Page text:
Minnesota Set to Legalize Adult-Use Cannabis: Key Provisions You Need to Know

Erin Westbrook, Seth Gitner, Douglas D. Anderson

After extensive negotiating, party-line votes, and resolution of conflicts between the senate and house, Minnesota’s Adult-Use Cannabis bill (“HF 100” or “the bill”) is finally headed to the Governor’s desk. The Governor has indicated he is eager to sign the bill, making Minnesota the 23rd state to legalize adult-use cannabis. While the bill is jam-packed, here’s what you need to know.

What You Need to Know: 

Minnesota is expected to become the 23rd state in the country to legalize adult-use cannabis under a bill waiting to be signed by the Governor that includes the following:

  • Provides for 16 different license types, including licenses for various types of recreational, lower-potency hemp edible, and medical cannabis businesses;
  • Creates license structure that limits vertical integration and promotes social equity;
  • Taxes gross retail sales at 10 percent, in addition to other state and local sales taxes; 
  • Prohibits employers from refusing to hire, discipline, or discharge employees for off-premises cannabis use; and
  • Limits employers’ ability to test employees for cannabis, partly dependent on certain categories of employees.

Cannabis Businesses and Licenses

The bill creates a complex regulatory system, providing for 16 different license types, including for cultivators, manufacturers, wholesalers, and retailers.

  • Cannabis microbusinesses and mezzobusinesses are permitted to grow cannabis, manufacture cannabis concentrate and products, package and label products, or sell to other cannabis businesses or end users, provided they obtain the proper endorsements from the Office of Cannabis Management (OCM).
  • Microbusinesses with a retail operation endorsement are permitted to operate one retail location. A microbusiness with a cultivation endorsement is limited to 5,000 square feet of indoor canopy or to cultivating a half-acre of mature, flowering plants outdoors.
  • Mezzobusinesses with a retail endorsement are permitted to operate up to three retail locations. A mezzobusiness with a cultivation endorsement is limited to 15,000 square feet of indoor canopy or to cultivating one acre of mature, flowering plants outdoors.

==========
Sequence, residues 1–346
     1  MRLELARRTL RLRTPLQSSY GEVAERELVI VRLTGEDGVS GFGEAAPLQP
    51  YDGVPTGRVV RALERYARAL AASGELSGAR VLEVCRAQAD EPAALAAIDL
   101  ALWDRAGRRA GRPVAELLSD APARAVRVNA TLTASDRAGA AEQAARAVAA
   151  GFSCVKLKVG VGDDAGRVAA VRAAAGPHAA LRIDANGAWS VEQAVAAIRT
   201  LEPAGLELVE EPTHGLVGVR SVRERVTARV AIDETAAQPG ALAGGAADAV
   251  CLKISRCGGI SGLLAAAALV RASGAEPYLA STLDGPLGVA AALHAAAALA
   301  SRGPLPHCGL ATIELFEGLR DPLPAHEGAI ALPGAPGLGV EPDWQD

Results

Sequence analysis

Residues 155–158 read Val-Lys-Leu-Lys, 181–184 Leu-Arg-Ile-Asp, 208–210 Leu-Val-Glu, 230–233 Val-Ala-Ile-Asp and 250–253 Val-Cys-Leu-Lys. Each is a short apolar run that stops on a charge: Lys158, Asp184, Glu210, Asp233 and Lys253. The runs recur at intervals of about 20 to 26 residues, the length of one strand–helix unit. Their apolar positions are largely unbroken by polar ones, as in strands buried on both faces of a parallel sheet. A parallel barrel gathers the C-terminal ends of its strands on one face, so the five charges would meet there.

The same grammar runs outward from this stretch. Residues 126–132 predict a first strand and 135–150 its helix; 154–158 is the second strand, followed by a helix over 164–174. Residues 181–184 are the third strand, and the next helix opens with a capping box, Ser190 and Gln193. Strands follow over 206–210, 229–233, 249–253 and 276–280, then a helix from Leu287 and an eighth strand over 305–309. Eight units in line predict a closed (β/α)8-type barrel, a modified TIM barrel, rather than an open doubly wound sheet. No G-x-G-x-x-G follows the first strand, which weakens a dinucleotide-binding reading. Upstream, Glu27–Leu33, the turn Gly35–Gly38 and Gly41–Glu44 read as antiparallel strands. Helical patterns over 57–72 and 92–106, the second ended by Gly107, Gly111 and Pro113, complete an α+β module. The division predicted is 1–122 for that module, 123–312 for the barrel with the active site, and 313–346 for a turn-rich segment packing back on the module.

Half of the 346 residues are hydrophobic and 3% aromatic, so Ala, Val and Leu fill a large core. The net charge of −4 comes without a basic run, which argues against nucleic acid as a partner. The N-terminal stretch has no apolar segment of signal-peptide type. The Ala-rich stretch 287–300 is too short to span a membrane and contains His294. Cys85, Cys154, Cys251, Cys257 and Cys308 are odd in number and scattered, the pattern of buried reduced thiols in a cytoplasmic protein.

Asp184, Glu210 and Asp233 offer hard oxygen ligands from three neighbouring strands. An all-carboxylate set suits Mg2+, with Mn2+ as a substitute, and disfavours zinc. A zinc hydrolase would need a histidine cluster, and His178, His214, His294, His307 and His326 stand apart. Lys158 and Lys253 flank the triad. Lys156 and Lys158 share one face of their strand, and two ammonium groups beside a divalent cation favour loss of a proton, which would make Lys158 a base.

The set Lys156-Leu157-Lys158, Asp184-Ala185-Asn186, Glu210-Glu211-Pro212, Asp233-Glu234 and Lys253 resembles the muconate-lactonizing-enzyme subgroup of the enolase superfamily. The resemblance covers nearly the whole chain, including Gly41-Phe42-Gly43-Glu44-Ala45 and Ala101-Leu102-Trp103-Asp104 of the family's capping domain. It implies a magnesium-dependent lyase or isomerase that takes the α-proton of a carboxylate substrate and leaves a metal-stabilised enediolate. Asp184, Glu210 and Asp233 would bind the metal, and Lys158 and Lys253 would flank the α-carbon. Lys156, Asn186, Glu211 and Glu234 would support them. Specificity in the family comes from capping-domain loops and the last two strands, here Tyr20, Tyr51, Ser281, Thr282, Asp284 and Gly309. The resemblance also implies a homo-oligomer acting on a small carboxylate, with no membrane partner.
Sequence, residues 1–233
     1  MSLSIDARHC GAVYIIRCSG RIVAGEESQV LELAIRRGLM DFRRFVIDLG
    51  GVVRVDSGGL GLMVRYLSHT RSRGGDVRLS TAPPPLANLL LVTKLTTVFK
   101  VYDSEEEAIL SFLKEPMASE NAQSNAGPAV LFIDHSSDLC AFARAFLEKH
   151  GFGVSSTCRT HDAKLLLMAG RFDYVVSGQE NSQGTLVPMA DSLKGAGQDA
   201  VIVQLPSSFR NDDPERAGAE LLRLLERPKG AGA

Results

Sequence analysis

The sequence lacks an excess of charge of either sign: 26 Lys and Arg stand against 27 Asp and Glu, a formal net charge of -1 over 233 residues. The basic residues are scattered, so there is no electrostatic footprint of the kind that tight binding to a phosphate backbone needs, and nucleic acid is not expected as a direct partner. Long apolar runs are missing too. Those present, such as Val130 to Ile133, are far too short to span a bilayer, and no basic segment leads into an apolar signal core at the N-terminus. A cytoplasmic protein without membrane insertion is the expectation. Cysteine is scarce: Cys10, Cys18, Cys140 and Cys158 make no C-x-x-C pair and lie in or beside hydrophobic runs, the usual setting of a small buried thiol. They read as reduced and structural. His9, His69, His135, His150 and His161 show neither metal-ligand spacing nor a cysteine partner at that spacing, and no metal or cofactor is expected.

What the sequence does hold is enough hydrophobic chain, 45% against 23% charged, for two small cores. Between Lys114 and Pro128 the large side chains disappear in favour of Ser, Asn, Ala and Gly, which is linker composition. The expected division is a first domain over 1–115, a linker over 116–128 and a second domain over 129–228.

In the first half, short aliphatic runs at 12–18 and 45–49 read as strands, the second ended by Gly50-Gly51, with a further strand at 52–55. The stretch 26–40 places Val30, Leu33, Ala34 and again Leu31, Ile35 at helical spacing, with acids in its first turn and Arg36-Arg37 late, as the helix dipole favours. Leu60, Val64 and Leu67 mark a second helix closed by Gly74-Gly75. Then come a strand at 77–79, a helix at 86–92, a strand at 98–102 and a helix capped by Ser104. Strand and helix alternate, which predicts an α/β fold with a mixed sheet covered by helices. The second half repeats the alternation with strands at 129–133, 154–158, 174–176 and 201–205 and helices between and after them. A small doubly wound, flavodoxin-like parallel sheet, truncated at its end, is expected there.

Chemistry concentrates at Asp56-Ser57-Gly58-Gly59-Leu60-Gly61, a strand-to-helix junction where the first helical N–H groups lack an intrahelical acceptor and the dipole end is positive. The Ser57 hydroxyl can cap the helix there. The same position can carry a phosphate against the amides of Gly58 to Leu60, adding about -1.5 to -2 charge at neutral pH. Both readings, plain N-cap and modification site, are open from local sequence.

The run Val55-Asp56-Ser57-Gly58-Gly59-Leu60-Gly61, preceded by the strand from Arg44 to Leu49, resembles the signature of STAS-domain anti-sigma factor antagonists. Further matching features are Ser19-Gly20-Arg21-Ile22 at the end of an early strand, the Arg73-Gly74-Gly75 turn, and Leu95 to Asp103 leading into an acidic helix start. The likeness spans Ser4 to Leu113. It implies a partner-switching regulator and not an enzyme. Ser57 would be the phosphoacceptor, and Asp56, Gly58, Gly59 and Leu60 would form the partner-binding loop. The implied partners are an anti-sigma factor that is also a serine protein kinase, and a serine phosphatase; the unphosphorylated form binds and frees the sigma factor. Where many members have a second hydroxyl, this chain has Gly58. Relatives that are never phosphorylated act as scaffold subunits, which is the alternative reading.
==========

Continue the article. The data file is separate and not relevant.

• These limits are subject to expansion to meet market demand by the OCM.
  • Additional license categories include cultivators, manufacturers, retailers, wholesalers, transporters, testing facilities, event organizers, and delivery providers.
  • Licenses and fees depend on status of business as either recreational cannabis, low-potency hemp, or medical cannabis.

The bill largely prohibits vertical integration. License holders may hold more than one type of license, the variety of which is dependent on the type of license(s) they already hold. Licenses may also be freely transferred, subject to approval by the OCM.


HF 100 establishes the Office of Cannabis Management (OCM), which will regulate medical and recreational cannabis, as well as consumer hemp products. The bill also establishes the Cannabis Advisory Council (Council), tasked with reviewing policy and making recommendations to the OCM. Creation of the OCM and Council should resolve a key complaint arising from the passage of last year’s hemp-derived edibles bill, which legalized certain edibles with what many said was insufficient oversight.

Key areas of regulation include:

  • ​​Licensure of cannabis microbusinesses, mezzobusinesses, cultivators, manufacturers, retailers, wholesalers, transporters, testing facilities, event organizers; lower-potency hemp edible manufacturers and retailers; and medical cannabis cultivators, processors, retailers, and combination businesses;
  • The possession and transportation of adult-use cannabis;
  • Expungement of criminal records for previous low-level marijuana offenses;
  • Hemp-derived edibles; and
  • Medical cannabis.